EXECUTIVE SUMMARY: The objective of this study was to analyze the value that audit committees added to small commercial banks. The authors were able to evaluate specific internal control questions that assessed the benefit of having an audit committee. The findings of this study, for the most part, are aligned with the findings of the 1999 Committee of Sponsoring Organizations study. This study finds that institutions with audit committees report more internal controls in place on most questions than institutions without audit committees. The most important finding of this study is that institutions with audit committee members who had banking or financial experience reported significantly more effective internal controls than institutions without this expertise on their audit committee.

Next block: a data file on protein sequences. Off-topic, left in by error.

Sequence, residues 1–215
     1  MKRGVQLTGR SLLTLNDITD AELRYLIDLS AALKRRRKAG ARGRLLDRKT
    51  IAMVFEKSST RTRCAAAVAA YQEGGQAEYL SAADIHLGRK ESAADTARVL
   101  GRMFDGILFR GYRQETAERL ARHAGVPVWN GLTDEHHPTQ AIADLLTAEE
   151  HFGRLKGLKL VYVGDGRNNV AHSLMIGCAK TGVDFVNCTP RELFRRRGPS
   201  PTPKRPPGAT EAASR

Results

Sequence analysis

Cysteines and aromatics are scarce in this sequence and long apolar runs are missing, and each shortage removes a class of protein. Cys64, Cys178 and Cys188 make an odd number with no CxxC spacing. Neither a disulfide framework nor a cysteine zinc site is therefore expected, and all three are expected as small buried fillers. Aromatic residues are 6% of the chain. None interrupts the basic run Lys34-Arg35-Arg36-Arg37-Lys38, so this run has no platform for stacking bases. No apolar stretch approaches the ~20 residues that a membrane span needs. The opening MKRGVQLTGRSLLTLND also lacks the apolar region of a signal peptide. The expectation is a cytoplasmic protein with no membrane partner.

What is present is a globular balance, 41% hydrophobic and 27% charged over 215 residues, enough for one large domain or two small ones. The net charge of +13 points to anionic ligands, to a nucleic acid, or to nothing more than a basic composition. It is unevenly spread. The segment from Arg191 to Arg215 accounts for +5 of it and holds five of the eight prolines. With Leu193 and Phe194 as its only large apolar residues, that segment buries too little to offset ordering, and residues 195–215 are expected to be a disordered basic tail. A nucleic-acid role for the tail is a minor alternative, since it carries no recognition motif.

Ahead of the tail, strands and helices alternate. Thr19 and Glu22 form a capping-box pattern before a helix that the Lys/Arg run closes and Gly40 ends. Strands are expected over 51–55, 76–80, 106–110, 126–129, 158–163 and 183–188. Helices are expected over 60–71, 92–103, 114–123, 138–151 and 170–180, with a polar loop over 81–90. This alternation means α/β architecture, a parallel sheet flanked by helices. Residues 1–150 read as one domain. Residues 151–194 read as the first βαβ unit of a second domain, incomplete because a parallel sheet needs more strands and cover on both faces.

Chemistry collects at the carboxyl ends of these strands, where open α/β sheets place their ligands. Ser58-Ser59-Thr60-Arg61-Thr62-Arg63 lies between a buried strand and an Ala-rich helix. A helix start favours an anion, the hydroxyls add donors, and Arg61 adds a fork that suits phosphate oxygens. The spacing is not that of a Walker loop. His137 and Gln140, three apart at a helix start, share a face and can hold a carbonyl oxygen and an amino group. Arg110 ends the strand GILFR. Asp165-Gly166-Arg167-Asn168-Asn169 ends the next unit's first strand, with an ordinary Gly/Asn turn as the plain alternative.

The 1992 report by the Committee of Sponsoring Organizations of the Treadway Commission (COSO) defined internal control as a "process, effected by an entity's board of directors, management, and other personnel, designed to provide reasonable assurance regarding the achievement of objectives in the following categories:
* Effectiveness and efficiency of operations.
* Reliability of financial reporting.
* Compliance with applicable laws and regulations." (1)
In 1999, COSO published Fraudulent Financial Reporting: 1987-1997, An Analysis of U.S. Public Companies. The authors of this study analyzed fraudulent financial reporting alleged by the SEC in Accounting and Auditing Enforcement Releases for 204 companies. Companies committing financial statement fraud were small in size (median assets, $16 million), had senior executives involved in the fraud, and had a board of directors and audit committee that were not functioning properly. Study results showed that approximately 60% of directors were either insiders or …